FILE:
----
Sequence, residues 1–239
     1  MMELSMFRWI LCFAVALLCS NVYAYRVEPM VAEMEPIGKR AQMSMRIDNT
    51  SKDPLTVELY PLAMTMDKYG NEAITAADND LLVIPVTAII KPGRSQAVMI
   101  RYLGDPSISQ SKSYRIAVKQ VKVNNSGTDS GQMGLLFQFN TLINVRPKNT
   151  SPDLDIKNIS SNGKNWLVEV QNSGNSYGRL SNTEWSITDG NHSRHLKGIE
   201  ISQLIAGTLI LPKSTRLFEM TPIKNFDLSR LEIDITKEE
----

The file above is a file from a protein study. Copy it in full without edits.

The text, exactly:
Sequence, residues 1–239
     1  MMELSMFRWI LCFAVALLCS NVYAYRVEPM VAEMEPIGKR AQMSMRIDNT
    51  SKDPLTVELY PLAMTMDKYG NEAITAADND LLVIPVTAII KPGRSQAVMI
   101  RYLGDPSISQ SKSYRIAVKQ VKVNNSGTDS GQMGLLFQFN TLINVRPKNT
   151  SPDLDIKNIS SNGKNWLVEV QNSGNSYGRL SNTEWSITDG NHSRHLKGIE
   201  ISQLIAGTLI LPKSTRLFEM TPIKNFDLSR LEIDITKEE